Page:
Varying amounts of effort in the field has been hampered by strong winds and prioritizing more ringing data entry into IPMR. Nevertheless, some time spent outdoors on the 5th produced a good selection of raptors including 2 immature Peregrines (male and female) touring Tor Ness and engaging in some spectacular wheeling displays. A Merlin was also seen as was the lingering star, the stunning adult male Northern Harrier, reliably appearing around the vicinity of the observatory around breakfast time. Other species of note from the 5th include Whooper Swan, Snow Bunting and Woodcock.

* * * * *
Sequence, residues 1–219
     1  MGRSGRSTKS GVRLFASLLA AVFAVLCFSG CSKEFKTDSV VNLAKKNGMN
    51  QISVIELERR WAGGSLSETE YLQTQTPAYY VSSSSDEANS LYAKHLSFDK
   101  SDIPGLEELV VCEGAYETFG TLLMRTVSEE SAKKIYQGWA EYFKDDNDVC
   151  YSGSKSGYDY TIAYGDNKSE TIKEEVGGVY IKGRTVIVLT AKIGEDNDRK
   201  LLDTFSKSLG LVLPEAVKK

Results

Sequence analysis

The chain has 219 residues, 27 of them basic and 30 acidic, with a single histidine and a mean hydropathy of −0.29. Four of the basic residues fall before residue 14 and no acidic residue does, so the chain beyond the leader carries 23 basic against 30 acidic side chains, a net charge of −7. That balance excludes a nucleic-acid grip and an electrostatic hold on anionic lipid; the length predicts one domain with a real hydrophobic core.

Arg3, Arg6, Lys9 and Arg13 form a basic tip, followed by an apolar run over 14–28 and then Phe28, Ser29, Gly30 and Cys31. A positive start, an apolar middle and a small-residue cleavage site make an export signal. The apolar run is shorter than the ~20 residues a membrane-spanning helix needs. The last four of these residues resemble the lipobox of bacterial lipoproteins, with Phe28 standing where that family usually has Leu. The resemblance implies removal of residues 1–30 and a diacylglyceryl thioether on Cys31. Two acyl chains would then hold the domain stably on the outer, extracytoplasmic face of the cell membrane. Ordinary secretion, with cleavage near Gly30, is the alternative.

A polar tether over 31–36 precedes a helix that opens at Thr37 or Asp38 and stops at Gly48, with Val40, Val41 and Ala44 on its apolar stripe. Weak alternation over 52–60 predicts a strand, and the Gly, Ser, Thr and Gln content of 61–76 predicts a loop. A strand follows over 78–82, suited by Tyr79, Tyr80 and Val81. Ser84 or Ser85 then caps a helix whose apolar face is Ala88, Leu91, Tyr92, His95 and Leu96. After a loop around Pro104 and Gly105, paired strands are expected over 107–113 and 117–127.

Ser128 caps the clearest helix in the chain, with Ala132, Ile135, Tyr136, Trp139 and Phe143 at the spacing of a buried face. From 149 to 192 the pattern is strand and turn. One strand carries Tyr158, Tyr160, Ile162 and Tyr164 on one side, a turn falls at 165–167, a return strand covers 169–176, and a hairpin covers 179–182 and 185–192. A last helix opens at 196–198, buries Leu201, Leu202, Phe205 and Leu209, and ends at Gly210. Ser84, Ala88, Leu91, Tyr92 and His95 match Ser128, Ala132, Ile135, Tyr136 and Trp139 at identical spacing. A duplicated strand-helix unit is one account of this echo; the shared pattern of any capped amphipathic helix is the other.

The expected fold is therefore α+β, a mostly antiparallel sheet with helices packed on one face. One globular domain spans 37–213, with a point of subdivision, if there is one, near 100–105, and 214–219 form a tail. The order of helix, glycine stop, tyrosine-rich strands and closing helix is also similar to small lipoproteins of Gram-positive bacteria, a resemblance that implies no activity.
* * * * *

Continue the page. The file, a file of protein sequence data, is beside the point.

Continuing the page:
Once again seawatching took priority on the 6th, with a great reward in the form of a close fly-past adult winter White-billed Diver heading north past the hide shortly after 9am! This elated our spirits greatly and proves just how productive November can be despite the majority of autumn migrants having departed. Further birds of note included 3 Red-throated Divers, 1 Great Northern Diver, 1208 Fulmars in one hour, 27 Sooty Shearwaters and 3 Long-tailed Ducks. Yet more seabird passage included 86 Gannets in one hour, 50 Kittiwakes, 15 Guillemots, 2 Black Guillemots, 3 Little Auks and 36 auk sp. all proving just how resilient, diverse and productive marine life can be despite the bleak and inhospitable appearance of the seascape. A young Gannet was also discovered sat on the field adjacent to the seawatch hide. It appeared to be in good health and offered a valuable opportunity to watch it close up as well as ring it.